For immediate release
12 November 2009
New Zealanders are encouraged to seize the last opportunity to view a moving exhibition in honour of those who fought
bravely in the Battle of Passchendaele – and to attend a final ceremony to close commemorative events in North Shore
Passchendaele: ‘The Belgians Have Not Forgotten’ will receive its last Kiwi visitors on Sunday (November 15), eight
months since the exhibition’s tour of the country began. It will then return to the Passchendaele Memorial Museum in
Belgium, from where it has come.
Since it opened in March more than 25,000 visitors have viewed the exhibition. It has toured Wellington, Christchurch,
Dunedin, Featherston, Waiouru and Fort Takapuna in North Shore City, where it has been on show since 4 October.
Exhibition tour manager, Jo Kane says the exhibition has helped to raise awareness of the tragic battle.
“New Zealand was such a tiny nation at the time of the First World War and we lost so many people on the Western Front,
that the battles had a profound effect on the social fabric of our country - yet, few people spoke of the tragedy. This
exhibition has given many Kiwis the opportunity to remember their family members and consider the sacrifice of our
“It has also been a wonderful example of the relationship forged between New Zealand and Belgium – a bond that started
all those years ago, when our people fought for their country, and a bond that continues today,” she says.
Following the closure on Sunday, a blessing ceremony will be held at dawn on Monday 16 November.
The 5,000 white crosses, erected outside the Fort in remembrance of the New Zealanders lost in Belgium during the First
World War, will be removed at this time and given new homes.
North Shore exhibition organiser and former Honorary Consul of Belgium, Iain MacKenzie says members of the community who
have named one of the crosses, or have an ancestor lost at war they would like to remember, are welcome to collect a
cross at the final ceremony.
“To ensure the crosses are well cared for in the long term we are welcoming members of the community, who would like to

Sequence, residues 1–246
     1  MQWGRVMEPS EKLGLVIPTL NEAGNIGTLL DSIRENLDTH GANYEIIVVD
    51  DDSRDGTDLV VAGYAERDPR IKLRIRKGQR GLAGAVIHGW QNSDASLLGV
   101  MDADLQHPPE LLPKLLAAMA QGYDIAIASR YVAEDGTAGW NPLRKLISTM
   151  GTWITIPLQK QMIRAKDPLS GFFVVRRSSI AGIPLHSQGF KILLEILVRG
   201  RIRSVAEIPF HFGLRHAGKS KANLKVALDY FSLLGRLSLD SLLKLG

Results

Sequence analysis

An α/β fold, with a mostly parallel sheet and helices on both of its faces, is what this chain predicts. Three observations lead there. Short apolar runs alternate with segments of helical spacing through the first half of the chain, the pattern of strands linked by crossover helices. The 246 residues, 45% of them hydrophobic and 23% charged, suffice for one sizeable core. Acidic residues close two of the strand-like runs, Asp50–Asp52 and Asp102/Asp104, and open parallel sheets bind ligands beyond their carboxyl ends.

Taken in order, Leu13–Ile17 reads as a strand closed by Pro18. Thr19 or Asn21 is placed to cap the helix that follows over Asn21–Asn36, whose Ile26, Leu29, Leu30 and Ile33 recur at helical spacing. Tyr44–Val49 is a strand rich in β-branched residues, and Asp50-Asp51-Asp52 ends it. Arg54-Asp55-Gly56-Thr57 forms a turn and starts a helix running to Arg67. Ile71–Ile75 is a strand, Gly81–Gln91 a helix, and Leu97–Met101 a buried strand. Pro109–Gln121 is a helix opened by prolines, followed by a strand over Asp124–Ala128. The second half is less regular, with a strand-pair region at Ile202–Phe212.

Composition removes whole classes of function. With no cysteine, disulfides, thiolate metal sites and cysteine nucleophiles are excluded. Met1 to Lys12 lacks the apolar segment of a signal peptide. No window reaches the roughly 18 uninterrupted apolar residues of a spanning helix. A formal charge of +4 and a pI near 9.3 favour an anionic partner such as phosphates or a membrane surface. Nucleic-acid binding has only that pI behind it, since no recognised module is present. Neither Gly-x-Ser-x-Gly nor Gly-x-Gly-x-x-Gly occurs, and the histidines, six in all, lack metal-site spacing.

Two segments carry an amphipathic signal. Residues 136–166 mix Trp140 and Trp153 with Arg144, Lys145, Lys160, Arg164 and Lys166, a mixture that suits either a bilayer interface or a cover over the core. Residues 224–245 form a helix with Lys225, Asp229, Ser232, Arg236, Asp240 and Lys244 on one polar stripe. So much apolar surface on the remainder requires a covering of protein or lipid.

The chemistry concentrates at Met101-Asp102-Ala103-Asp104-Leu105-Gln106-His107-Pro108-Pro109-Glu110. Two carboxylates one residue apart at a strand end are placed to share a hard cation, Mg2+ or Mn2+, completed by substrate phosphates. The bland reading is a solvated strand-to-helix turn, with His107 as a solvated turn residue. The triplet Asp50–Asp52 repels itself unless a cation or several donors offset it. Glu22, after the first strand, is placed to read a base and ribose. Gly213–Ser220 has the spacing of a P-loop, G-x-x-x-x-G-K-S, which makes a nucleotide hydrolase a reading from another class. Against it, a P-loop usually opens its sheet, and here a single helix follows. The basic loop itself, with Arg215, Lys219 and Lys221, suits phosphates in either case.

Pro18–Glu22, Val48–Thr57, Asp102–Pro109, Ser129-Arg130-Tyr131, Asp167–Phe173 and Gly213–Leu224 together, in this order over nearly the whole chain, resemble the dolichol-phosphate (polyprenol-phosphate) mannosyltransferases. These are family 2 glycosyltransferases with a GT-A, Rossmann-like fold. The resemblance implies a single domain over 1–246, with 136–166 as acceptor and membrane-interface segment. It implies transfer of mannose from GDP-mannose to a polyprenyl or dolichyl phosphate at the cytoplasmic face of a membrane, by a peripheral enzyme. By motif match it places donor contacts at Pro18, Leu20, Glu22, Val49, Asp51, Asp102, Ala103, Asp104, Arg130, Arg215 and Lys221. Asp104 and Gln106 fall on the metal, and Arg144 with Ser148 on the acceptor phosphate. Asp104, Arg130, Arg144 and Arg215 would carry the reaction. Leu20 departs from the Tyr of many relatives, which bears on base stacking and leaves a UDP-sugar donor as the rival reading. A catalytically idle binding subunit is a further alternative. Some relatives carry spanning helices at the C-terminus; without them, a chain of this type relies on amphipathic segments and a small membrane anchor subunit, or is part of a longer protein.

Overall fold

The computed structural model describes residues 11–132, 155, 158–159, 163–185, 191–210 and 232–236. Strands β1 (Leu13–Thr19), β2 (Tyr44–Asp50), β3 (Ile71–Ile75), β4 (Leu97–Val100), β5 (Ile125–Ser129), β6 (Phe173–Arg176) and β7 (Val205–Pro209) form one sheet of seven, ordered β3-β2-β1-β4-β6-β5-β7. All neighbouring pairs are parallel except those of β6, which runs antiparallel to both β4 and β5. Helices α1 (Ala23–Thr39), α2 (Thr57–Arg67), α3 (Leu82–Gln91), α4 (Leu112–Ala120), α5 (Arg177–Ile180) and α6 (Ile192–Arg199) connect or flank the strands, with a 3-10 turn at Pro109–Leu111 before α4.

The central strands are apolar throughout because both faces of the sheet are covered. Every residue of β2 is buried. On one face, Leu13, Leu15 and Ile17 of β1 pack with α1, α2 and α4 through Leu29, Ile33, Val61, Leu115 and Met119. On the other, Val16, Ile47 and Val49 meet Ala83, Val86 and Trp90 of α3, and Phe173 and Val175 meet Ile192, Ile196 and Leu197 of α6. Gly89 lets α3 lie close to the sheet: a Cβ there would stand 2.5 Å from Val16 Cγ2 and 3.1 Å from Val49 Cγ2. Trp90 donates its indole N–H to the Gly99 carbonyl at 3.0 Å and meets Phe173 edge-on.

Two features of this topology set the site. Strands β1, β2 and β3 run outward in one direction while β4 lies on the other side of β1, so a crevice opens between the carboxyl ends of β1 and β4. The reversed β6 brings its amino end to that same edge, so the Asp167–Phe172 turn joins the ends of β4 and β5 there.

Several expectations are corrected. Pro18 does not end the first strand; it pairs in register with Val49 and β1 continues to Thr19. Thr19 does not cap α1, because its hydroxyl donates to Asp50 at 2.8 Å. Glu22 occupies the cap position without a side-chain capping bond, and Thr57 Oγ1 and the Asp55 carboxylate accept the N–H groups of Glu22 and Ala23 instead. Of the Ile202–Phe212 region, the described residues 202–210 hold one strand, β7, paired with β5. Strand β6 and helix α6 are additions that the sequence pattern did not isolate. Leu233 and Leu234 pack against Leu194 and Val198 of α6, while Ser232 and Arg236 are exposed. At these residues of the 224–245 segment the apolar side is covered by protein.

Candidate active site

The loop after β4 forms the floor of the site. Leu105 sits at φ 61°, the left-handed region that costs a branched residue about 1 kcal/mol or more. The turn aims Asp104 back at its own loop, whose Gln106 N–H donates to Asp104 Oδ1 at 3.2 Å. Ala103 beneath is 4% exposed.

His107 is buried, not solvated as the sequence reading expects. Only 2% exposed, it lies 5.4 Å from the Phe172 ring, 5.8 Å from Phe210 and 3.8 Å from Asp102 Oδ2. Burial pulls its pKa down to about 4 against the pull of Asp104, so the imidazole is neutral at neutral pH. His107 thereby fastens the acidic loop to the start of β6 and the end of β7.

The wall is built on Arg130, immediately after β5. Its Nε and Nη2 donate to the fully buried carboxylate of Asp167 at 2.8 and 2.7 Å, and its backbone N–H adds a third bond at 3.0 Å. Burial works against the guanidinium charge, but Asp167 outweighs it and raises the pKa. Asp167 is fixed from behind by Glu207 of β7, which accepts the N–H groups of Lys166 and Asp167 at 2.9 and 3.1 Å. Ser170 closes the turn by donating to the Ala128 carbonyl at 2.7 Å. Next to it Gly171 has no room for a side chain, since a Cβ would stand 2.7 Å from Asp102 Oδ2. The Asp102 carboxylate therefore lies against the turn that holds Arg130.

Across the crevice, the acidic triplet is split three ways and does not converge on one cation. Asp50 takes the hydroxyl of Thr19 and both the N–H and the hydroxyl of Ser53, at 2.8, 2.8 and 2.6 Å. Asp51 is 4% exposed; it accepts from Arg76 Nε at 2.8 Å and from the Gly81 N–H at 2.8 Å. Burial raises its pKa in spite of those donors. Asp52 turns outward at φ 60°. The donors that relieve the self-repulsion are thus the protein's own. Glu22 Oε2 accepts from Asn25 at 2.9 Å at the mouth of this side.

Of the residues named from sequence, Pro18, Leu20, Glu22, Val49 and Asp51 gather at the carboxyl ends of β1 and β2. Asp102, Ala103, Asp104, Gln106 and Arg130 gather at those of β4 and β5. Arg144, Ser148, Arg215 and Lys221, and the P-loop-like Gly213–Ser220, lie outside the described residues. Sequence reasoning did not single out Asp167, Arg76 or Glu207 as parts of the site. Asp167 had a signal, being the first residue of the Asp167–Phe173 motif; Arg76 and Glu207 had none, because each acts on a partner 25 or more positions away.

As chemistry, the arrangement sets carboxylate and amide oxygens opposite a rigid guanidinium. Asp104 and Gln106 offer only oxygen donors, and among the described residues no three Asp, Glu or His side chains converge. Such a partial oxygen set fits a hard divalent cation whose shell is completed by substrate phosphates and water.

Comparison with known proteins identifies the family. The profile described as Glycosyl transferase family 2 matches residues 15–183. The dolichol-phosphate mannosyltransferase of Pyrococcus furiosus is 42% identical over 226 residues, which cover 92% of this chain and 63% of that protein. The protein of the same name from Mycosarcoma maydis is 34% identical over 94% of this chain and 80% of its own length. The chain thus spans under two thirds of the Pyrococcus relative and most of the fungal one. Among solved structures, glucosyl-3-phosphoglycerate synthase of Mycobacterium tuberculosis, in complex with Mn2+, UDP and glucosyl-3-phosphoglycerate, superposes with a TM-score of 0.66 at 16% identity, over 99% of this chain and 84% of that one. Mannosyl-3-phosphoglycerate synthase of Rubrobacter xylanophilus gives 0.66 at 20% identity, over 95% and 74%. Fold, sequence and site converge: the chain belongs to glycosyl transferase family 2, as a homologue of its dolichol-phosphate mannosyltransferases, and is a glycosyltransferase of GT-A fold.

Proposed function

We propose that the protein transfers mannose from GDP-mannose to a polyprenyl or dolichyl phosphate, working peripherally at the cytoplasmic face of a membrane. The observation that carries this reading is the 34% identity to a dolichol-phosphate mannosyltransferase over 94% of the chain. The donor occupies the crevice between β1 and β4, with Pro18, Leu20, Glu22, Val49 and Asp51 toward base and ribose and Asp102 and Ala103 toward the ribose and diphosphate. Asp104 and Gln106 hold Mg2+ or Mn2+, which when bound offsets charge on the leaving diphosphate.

remember lost loved ones, to give the crosses a meaningful home.
“A significant number of the crosses will also be sent on request to RSAs across the country, who would like to remember
the New Zealand casualties from their localities.”
At the dawn ceremony, 50 white doves will be released by students of Vauxhall Primary School in memory of the fallen,
and laments will also be played by a bugler and piper.
His Worship the Mayor of North Shore City, Andrew Williams, says the ceremony is a fitting way to end the series of
events that have taken place in North Shore City since October 4, for the anniversary of the Battle of Passchendaele.
“The sacrifice of our men at war is of course something that is very close to the hearts of New Zealanders and it has
been an honour to be able to provide occasions at which to recognise the price paid by many.”
Members of the community wanting to attend the closing ceremony should assemble at 445am at Fort Takapuna and should
bring a torch and wear warm clothing.
An informal BYO breakfast will be held following the ceremony. Milk, tea, coffee and some fruit will be provided.
Those unable to attend but who would like to keep a cross in memory of a family member lost at war should contact
Actionline on 09 486 8600.